Calibrating and Testing the Forest Vegetation Simulator to Simulate Tree Encroachment and Control Measures for Heathland Restoration in Southern Europe
Abstract:We used the Forest Vegetation Simulator (FVS) to simulate tree encroachment and tree control measures in a continental heathland in Southern Europe, where the goal is the conservation of Calluna vulgaris (L.) Hull. We selected as the management target a maximum tree basal area of 4.6 m2 ha−1, corresponding to a minimum Calluna cover of 25%, and modeled stand dynamics along a 50-year period under three management scenarios: no management; low-frequency prescribed burning; and low-frequency prescribed burning followed by annual grazing. We initialized and calibrated the Northeastern variant of FVS with data measured in the field and the Fire and Fuel Extension with additional data from a prescribed burning experiment. We carried out most calibrations by multipliers, including a novel way to simulate the impact of grazing on shoot height and survival. To simulate fire behavior, we designed a custom fire behavior fuel model for heath fuels. Successful validation of simulated stand-scale attributes and postfire mortality was carried out using equivalence testing. Model projections showed that stand basal area would exceed the target threshold under both the no-management and the prescribed burning scenario, 5 and 10 years into the simulation, respectively. Conversely, prescribed burning followed by yearly grazing successfully controlled encroaching trees throughout the simulation, by keeping their basal area below the threshold associated with the maintenance of the heathland cultural landscape.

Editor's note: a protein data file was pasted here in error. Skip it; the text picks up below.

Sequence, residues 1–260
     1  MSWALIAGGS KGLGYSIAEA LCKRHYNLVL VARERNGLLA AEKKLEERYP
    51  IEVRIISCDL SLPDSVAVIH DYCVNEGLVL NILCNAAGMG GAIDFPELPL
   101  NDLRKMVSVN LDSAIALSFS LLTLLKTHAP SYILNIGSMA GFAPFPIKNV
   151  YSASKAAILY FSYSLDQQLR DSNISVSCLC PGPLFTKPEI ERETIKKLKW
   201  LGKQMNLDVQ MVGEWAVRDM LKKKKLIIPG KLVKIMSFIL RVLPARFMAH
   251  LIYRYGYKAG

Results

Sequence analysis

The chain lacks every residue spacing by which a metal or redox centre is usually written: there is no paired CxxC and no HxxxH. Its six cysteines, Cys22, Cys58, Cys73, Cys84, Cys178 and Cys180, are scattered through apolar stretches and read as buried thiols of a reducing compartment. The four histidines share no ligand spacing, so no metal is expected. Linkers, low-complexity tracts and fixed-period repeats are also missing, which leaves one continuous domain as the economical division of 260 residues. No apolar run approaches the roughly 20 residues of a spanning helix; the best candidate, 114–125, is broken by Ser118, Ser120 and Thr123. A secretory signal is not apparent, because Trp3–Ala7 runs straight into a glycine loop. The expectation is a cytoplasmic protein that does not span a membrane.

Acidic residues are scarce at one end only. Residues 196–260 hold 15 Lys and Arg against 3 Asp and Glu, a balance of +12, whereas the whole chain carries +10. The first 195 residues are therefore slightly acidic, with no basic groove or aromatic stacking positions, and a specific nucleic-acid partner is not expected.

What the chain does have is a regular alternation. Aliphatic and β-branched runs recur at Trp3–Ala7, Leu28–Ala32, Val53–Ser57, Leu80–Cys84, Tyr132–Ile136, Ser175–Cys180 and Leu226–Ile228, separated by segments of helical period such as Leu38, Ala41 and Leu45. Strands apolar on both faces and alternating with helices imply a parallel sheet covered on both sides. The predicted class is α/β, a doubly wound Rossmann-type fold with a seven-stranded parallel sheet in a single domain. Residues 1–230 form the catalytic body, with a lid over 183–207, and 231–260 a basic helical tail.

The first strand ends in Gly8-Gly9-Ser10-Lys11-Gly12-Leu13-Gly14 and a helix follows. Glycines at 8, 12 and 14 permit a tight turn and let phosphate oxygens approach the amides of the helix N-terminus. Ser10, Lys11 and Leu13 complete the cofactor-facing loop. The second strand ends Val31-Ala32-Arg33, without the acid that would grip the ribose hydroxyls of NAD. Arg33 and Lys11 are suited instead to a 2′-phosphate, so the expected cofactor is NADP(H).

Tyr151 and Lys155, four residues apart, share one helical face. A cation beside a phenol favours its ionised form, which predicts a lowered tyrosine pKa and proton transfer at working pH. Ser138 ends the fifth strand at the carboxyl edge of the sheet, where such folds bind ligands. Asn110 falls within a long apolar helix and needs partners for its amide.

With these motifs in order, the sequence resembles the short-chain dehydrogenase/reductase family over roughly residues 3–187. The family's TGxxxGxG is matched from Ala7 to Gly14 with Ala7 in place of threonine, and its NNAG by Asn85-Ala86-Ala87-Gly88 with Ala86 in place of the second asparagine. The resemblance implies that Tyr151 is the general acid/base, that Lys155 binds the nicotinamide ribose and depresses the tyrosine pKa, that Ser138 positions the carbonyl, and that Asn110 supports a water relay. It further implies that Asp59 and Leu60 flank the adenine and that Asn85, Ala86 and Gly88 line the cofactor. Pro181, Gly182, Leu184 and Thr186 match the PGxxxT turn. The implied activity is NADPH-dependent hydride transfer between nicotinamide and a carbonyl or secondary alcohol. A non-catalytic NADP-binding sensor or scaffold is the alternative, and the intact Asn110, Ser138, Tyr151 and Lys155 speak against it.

Document Type: Research Article
Publication date: April 1, 2014
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- Forest Science is a peer-reviewed journal publishing fundamental and applied research that explores all aspects of natural and social sciences as they apply to the function and management of the forested ecosystems of the world. Topics include silviculture, forest management, biometrics, economics, entomology & pathology, fire & fuels management, forest ecology, genetics & tree improvement, geospatial technologies, harvesting & utilization, landscape ecology, operations research, forest policy, physiology, recreation, social sciences, soils & hydrology, and wildlife management.
Forest Science is published bimonthly in February, April, June, August, October, and December.
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Ranking: 16 of 66 in forestry
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